in residence at

then a guest also at Wolfeton, and acted as an interpreter. Mr. Russell afterwards accompanied Philip and Joan to the

Court of the reigning King of England (Henry VII.), in London, and there laid the foundation of the existing House of Bedford. All this, however, is a matter of English History, and it is not my purpose to go further into it here. We have information on all the above in Hutchins' History of Dorset (3rd Edition, Vol. II., pp. 421, 780, 781, also Vol. III., pp. 329, 330). My object in the present paper is simply to bring

together in a connected form a short account of the

still

Thomas Trenchard having been a kind and honoured host to Philip and Joan, by their presentation to him, on their departure to the Court of Henry VII., or existing proofs of Sir

shortly after, of their Portraits and two valuable specimens In addition to these, their of Oriental Chinese Pottery.

them various articles of baggage, which become useless to them and so mere doubtless, such as some Chests (in which their money Iron impedimenta, and other valuables had been contained) and Wooden Chests containing probably linen and clothes and other articles needed in a voyage such as that in which the King and Queen had been interrupted. Some of these chests were perhaps left by them at Weymouth but it is most probable that all, or nearly all, went to, and remained at, Wolfeton House. Hence it is quite possible that some may have found their way into the possession of other persons but at any rate some of them, if not all, remained at Wolfeton House and

Majesties left behind

had,

;

;

RELICS LEFT BY PHILIP AND JOAN OF CASTILE.

3

have come down to their present possessors in an unbroken line from Sir Thomas Trenchard through John Trenchard, of

Newton House,

Sturminster

by whom

and Poxwell, or the left, greater

Marshall,

they were

Ringstead, Dorset, part of them, including the Portraits and Chinese Bowls, to the late John Trenchard Trenchard, of Poxwell and Ringstead, and Greenhill House, Wey mouth.

The relics above alluded to and which I propose to describe and figure are i., Portraits of the King Philip and Queen Two Chinese Oriental Porcelain Bowls Joanna ii., Massive Iron Chests Two and iv., One Large Cedar iii., ;

;

;

Chest.

The

measure 19 J inches square to the outside of Engravings were made from them in 1801 by an

Portraits

the frames.

eminent portrait painter and engraver (C. Bestland) at the instance of John Trenchard of Newton House, Sturminster Marshall, and were intended, as I have understood, to illustrate the account in Hutchins' History of Dorset of their Much, and in some respects Majesties' visit to Wolfeton. unfavourable, criticism has been made by some members of the family in regard to the rendering of the portraits by Bestland, and it is believed that their rendering in the present paper, from the good photographs now exhibited, is more accurate and a manifest improvement. As to the artistic

value of the portraits I am not qualified to speak. The ornament round the King's neck represents the English Order of the Garter, conferred upon him by King Henry the VII., and was worn by Philip, when the portrait was painted, in compliment to Sir Thomas Trenchard. The portraits were most certainly, as Bestland remarks, painted at the time of the King and Queen's visit to Wolfeton, and expressly for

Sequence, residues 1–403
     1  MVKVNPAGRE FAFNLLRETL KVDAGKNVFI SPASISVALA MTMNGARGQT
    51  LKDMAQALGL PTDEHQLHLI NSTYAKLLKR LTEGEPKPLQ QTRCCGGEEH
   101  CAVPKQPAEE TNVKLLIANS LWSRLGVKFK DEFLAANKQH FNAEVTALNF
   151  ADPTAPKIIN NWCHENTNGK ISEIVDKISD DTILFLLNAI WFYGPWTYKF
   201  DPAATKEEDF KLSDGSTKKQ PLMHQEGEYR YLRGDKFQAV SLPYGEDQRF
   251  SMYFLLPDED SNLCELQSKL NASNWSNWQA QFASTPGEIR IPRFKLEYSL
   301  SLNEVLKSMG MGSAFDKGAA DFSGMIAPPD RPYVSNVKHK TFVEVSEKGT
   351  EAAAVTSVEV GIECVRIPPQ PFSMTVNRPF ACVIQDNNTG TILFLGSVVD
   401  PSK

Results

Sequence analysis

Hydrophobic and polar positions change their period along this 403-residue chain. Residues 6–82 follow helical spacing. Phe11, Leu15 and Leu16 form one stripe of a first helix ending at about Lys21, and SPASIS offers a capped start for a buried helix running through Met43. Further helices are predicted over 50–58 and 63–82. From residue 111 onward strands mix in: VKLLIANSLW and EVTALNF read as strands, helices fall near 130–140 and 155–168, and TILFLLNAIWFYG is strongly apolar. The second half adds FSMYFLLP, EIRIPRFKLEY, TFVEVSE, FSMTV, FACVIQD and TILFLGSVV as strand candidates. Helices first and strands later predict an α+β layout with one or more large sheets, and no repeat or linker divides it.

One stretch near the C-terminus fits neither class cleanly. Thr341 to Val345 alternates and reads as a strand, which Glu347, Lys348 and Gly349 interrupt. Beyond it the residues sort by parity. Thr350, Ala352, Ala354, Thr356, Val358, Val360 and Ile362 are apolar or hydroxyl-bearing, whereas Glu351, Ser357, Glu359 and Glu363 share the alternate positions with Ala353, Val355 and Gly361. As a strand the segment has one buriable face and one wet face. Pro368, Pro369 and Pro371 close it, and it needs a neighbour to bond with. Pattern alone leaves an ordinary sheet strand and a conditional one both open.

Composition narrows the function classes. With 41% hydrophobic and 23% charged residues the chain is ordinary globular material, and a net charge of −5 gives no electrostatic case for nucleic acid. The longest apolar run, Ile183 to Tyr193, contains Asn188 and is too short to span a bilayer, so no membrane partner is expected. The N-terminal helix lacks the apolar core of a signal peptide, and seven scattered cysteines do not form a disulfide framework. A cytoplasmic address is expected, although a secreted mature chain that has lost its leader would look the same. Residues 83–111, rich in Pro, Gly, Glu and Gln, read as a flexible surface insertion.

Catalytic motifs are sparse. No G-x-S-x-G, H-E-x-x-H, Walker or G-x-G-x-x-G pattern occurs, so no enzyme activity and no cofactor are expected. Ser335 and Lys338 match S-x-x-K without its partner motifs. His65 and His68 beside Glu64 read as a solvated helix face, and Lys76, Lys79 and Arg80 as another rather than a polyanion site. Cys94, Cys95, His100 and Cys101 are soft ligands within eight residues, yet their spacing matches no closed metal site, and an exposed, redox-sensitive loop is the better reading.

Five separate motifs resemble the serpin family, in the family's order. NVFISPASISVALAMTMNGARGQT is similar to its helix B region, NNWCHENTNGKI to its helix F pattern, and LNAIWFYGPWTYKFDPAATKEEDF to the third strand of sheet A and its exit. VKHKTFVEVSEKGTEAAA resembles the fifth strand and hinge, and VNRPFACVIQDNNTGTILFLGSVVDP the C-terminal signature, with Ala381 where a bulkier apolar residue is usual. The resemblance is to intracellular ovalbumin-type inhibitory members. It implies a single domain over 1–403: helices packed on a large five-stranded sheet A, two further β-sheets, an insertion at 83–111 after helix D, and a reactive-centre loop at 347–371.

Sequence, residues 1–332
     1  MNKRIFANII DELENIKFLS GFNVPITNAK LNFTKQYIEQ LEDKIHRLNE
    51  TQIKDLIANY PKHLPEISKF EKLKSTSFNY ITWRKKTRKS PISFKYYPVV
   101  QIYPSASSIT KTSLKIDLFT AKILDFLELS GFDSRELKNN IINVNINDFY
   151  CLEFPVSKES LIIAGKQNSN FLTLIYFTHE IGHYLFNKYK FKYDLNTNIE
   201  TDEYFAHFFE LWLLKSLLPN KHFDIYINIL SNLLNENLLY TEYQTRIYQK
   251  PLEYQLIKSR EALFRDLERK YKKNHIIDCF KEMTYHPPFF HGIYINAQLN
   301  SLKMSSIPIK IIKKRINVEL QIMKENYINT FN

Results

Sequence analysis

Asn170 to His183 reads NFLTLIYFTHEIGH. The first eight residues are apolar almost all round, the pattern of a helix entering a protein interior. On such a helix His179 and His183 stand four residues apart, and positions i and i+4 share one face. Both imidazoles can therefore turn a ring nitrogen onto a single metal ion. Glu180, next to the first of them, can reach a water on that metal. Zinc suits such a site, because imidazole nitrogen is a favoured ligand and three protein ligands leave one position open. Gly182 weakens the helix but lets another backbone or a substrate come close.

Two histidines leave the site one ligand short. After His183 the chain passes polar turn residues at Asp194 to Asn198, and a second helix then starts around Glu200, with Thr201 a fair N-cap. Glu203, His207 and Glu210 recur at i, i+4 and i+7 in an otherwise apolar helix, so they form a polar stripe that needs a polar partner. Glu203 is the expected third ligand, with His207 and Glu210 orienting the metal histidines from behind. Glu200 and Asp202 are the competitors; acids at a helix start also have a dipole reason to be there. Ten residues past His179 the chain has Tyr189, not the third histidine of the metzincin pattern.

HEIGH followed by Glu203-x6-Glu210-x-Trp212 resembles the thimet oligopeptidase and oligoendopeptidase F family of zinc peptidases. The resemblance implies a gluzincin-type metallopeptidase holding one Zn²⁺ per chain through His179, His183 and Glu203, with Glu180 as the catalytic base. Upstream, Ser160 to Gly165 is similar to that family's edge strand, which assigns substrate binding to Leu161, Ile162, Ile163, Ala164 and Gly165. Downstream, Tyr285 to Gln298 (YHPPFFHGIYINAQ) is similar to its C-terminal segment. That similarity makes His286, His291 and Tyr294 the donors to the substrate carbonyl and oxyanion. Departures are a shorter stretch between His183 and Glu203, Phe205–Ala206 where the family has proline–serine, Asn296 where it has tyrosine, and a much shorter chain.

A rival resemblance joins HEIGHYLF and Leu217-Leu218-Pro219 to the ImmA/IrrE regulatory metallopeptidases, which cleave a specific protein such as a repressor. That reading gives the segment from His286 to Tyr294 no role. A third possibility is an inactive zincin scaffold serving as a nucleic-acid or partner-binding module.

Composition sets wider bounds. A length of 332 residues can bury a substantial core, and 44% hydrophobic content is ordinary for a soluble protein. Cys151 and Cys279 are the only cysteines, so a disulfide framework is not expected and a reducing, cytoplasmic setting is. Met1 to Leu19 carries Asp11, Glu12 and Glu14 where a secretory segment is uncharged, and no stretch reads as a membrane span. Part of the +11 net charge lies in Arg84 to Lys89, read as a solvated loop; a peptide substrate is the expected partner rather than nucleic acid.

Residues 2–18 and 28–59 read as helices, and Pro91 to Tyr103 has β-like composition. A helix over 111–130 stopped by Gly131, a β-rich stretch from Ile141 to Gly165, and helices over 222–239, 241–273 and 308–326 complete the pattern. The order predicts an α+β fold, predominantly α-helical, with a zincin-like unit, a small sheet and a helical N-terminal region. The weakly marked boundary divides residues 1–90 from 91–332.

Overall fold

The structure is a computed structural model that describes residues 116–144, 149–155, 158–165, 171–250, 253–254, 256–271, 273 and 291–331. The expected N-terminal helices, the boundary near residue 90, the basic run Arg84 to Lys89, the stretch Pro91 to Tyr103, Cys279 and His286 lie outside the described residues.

the purpose of showing their Majesties' deep sense of gratitude and approval of the treatment shewn them by Sir Thomas

Trenchard while at Wolfeton. is

known

as to the artist

painted, but presumably painter.

it

I

am

not sure that anything

by whom these portraits were must have been by some Spanish

4

RELICS LEFT BY PHILIP

The next objects

AND JOAN OF

CASTILE.

would mention are the two Oriental is enclosed in a hand-

I

Chinese Porcelain Bowls, one of which

some silver-gilt mount of strap-work, 'bearing London hall marks inside, dated 1549. This date being over 40 years subsequent to their presentation to Sir Thomas Trenchard shews that the mounting must have been added by the Trenchards, long perhaps after the bowls

came

into their

possession, and no doubt it was added to do honour to Philip and Joan's gift. The bowls themselves are of ordinary and one of shape and appearance, 7 or 8 inches in diameter them (the one mounted in the strap-work mentioned) is considered by experts to be the better one of the two They are ;

.

said to belong to the middle of the Chinese or possibly earlier, i.e., 1465-1488 A.D,

"

Ming Dynasty," and are of blue and inside are repre-

and white ware, decorated with flowers, sented four fish swimming round another circle in

enclosed in a

fish

Nothing appears to be

the centre.

known

of the

mounting, nor have I ever heard any explanation details. A figure of the bowl is given by Mr. W. G.

silver-gilt

of its

Gulland in Vol. 1902, p.

277,

II.

figs.

"

of

486,

Chinese Pottery," second edition, This figure, however, was

487.

engraved from a very inferior photograph, and gives no clear representation of its details. The figures given in the present paper are

much more

accurate in their details, especially of figure of the bowl is also given by Mr. Sydney Heath and Mr. W. de C. Prideaux in " Some Dorset Manor Houses," 1907, facing p. 38. But this the strap-mounting.

A

figure,

engraved from the same above-mentioned inferior photograph, also shows its imperfections. It may be mentioned here that the silver-gilt mounting of the bowl " the Renaissance style " of the date which

is

said to be in